physics
posted by tim on .
The average rate at which energy is conducted outward through the ground surface in a certain region is 51.6 mW/m2, and the average thermal conductivity of the nearsurface rocks is 3.31 W/m·K. Assuming a surface temperature of 11.7°C, find the temperature (in Celsius) at a depth of 35.0 km (near the base of the crust). Ignore the heat generated by the presence of radioactive elements.

recall that for an energy transfer,
q = kA * dT / dx
where
q = rate of heat tranfer (in Watts)
k = thermal conductivity (in W/mK)
dT = differential change in Temperature (in Celsius or in Kelvin)
dx = differential change in position (xdirection)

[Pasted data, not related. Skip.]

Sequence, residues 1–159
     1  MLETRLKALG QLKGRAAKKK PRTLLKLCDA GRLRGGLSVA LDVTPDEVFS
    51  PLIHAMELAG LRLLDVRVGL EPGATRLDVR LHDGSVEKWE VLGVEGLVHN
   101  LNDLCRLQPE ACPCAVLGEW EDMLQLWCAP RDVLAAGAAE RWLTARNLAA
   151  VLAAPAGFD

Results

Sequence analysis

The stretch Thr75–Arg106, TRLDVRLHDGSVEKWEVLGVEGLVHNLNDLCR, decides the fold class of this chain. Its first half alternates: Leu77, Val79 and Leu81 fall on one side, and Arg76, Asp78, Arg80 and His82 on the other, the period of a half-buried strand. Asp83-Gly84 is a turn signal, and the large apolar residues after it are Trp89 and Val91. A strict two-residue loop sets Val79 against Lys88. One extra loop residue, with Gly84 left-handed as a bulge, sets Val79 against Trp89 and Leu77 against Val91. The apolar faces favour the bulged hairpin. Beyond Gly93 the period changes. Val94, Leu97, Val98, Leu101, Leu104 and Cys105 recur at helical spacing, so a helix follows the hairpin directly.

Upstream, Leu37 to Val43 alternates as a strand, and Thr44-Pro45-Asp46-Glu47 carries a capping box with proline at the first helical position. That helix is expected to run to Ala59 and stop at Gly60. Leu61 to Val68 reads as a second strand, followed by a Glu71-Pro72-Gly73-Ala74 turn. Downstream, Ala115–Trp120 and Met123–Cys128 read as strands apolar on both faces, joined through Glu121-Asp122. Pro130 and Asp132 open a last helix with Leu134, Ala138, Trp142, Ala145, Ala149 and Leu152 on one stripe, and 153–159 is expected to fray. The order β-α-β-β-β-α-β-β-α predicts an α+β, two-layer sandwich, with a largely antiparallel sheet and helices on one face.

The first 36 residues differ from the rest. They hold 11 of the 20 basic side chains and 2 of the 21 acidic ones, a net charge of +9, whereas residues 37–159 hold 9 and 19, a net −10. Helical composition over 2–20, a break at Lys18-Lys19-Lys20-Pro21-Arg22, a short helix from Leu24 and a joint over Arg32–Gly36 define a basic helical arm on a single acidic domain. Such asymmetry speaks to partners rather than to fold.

*note: this is negative since (T2T1) is always negative, for heat always flows from higher temp to lower temp.
assuming heat transfer is at steady state (does not change with time), this formula simplifies to
q = kA (T2T1)/(x2x1) ; or
q/A = k*(T2  T2)/(x2  x1)
where
T1 = heat source temp (at this problem it's the crust)
T2 = lower temp (at this problem, it's the surface)
first we convert 51.6 mW/m^2 into W by multiplying by 10^3
substituting,
51.6 * 10^(3) = 3.31*( 11.7  T1 )/(35)
0.0516*35/(3.31) = 11.7  T1
0.546 = 11.7  T1
12.246 = T1
T1 = 12.246 deg C
hope this helps~ :) 
oops, scrap my first answer,, i forgot to convert 35 km to meters:
35 km = 35000 m
substituting,
51.6 * 10^(3) = 3.31*( 11.7  T1 )/(35000)
0.0516*35000/(3.31) = 11.7  T1
545.62 = 11.7  T1
557.32 = T1
T1 = 557.32 deg C
sorry~ ^^;
hope this helps~ :)